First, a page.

It’s been a minute since I’ve posted…busy and ting but really, I should make time to sit down and post regardless of a gruelling schedule or the need to sleep.
With that being said I have made a small pact to myself…
I intend to post at least once a week with a view to posting more….please note the operative word; intend!
Anyhoos, let’s get to it….
I read a disturbing article the other day, it spoke about syphilis being on the rise again.
Stats taken from last year (2018), show the disease is at the highest it has ever been in the last 70 years!
This is massively concerning because surely these stats should be reducing, what with the overall understanding of STIs and the several ways to protect oneself.
So what the hell is syphilis and exactly what are we dealing with here?
OK let’s have a quick history lesson.
Imagine, syphilis has been a human issue for roughly 500 years with the earliest documented cases of the disease dating back to 15th century Europe.
One theory is; syphilis was brought from America by the crews of Christopher Columbus and other explorers.
It is thought that the disease was not always a sexually transmitted one as researchers found bone markings commonly attributed to syphilis and its diseases on the fossilised bones of young individuals at pre-Colombian sites.
This idea suggests that once the disease was brought back to Europe by explorers, the syphilis bacterium may have evolved to the strain of syphilis we have today.
Another theory is, syphilis was already present in Europe before Columbus and his explorers returned but because of the wide range of symptoms that can present itself, physicians may not have realised they were in fact dealing with the disease.
In the 1520s, it was understood that ksyphilis was spread through sexual contact even though its origin still could not be established.
In an attempt to eradicate the disease, restrictions were placed on brothels and places of prostitution.
Interestingly, syphilis and other STIs posed a huge threat to World War I soldiers thus becoming the second most common reason for a soldier to be discharged.
Negro male what?
Fast forward to the 20th century and the piss taking Tuskegee Study of Untreated Syphilis in the Negro Male began!
This study was initiated by the United States Public Health Service.
They literally thought it was an acceptable idea to infect black men with the disease and see what would happen if it was left untreated because of course, black people mean nothing….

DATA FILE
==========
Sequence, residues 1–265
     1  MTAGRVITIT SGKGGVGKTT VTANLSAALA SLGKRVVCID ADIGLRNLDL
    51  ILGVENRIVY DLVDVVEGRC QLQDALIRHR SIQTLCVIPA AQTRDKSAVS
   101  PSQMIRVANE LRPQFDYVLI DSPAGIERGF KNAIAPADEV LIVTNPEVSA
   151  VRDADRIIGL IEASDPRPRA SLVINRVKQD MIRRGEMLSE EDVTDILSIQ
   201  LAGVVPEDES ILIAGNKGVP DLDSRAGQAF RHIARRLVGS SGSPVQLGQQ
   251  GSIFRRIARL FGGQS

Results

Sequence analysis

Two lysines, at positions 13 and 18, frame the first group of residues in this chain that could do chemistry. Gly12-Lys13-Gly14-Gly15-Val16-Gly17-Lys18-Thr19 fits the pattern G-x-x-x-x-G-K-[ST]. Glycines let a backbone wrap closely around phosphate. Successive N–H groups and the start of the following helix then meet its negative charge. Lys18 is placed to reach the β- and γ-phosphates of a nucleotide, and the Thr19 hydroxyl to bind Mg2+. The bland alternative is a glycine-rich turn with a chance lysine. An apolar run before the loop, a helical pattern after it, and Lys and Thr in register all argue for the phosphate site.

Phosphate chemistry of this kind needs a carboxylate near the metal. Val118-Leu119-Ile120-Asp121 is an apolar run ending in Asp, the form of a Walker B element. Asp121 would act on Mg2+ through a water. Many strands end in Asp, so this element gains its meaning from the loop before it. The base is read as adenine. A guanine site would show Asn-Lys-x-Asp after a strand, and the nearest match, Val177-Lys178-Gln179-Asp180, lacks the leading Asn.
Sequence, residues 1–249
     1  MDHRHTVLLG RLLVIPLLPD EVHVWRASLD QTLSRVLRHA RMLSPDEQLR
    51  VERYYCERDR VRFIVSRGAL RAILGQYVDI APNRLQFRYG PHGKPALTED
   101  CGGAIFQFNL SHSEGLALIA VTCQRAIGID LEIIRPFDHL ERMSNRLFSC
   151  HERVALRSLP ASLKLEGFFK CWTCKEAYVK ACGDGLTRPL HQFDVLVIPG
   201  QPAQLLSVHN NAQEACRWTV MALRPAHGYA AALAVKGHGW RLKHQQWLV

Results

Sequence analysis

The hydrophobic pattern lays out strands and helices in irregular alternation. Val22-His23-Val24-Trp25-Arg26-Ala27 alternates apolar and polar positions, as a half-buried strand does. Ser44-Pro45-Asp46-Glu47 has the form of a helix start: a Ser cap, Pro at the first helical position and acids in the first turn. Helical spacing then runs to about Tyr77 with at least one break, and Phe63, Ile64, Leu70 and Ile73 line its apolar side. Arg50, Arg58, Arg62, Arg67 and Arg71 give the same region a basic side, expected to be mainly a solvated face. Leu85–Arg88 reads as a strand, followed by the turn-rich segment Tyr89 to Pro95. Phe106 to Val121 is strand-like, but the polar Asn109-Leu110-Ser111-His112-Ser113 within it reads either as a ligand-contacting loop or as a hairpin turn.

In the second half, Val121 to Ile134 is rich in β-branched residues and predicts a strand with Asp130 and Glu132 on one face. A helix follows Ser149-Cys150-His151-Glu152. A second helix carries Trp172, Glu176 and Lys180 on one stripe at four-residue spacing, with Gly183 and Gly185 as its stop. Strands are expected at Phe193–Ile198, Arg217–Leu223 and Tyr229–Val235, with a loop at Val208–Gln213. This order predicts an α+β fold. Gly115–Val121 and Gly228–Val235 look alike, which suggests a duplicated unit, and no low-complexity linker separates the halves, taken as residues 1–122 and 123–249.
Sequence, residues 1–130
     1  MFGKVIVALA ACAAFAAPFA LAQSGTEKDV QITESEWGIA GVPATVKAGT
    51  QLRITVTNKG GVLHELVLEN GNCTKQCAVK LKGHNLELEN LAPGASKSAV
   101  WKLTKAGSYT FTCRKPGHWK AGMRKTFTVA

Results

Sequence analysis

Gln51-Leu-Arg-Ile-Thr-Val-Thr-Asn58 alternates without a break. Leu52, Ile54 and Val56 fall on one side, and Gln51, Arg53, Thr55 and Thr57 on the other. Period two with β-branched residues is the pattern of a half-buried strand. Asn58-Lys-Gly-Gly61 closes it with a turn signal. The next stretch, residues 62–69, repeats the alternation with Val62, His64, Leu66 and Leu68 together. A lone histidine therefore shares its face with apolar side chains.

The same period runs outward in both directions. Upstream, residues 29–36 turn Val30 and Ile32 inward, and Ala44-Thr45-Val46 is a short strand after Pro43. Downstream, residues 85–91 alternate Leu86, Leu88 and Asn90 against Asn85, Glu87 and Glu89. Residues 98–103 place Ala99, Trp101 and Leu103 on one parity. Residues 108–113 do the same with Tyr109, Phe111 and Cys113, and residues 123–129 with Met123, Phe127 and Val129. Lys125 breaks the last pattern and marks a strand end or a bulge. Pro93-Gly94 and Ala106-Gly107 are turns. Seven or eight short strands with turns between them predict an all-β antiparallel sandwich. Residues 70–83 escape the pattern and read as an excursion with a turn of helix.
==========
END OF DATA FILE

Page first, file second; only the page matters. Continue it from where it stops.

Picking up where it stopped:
Don’t piss me off!
Anyway, by 1972 the experiment ended and out of court settlements were made to the surviving participants as well as a formal apology from Bill Clinton who was indeed President at that time.
I can’t deal…
What was learnt from this study you ask?
Only God knows and to be honest, I am not sure if I even want to know details – it’s disgusting to know this even happened, so let’s move on!
So what about now?
Syphilis doesn’t always show any symptoms and even if there are any, they can quickly disappear even though the infection remains.
Yep, absolute mind fuck!
But just for the record, the symptoms that may indicate Syphilis, can come in stages.
Early stage Syphilis
Early stage known as ‘primary syphilis’ can include:
- the main symptom is a small, painless sore or ulcer called a chancre that you might not notice
- the sore will typically be on the penis, vagina, or around the anus, although it can sometimes appear in the mouth or on the lips, fingers or buttocks
- most people only have one sore, but some people have several
- you may also have swollen glands in your neck, groin or armpits
These symptoms usually pass within 2 to 8 weeks. But if the infection isn’t treated, it may progress to a second stage.
Further symptoms may develop a few weeks after the initial symptoms have passed. This is known as “secondary syphilis”.
Symptoms of secondary syphilis include:
- a blotchy red rash that can appear anywhere on the body, but often develops on the palms of the hands or soles of the feet
- small skin growths (similar to genital warts) – on women these often appear on the vulva and for both men and women they may appear around the anus
- white patches in the mouth
- flu-like symptoms, such as tiredness, headaches, joint pains and a high temperature (fever)
- swollen glands
- occasionally, patchy hair loss
These symptoms usually pass within a few weeks, although they may come and go over several months before they disappear.
You’ll still be infected even if you don’t have symptoms. This is known as “latent syphilis” and it can last for decades and lead to serious problems if not treated.
It’s still possible to pass on the infection during this stage, although this usually only happens within 2 years of becoming infected.
(Information obtained from the NHS website, click HERE for more info)
Isn’t crazy to know that you can get these symptoms and then they can disappear but you can still have syphilis?
It’s worrying because some people may experience some of these symptoms but because they appear to have gone away, they think nothing more of it.
If you are sexually active, it’s essential you stay up to date with regular blood tests and sexual health screenings – it’s not just syphilis you have to concern yourself with!
Visit your GP or sexual health clinic for further advice.
Good news! Syphilis can be treated.
Syphilis will usually be treated with antibiotics regardless of what stage the infection is at.
If left untreated, as a result of the disease spreading around the body, long term health issues can occur in and some cases, it can be fatal.
Not pleasant and probably not desired by anyone…. It’s another reason why waiting is NOT an option.
Let’s keep it sensible people, stay safe!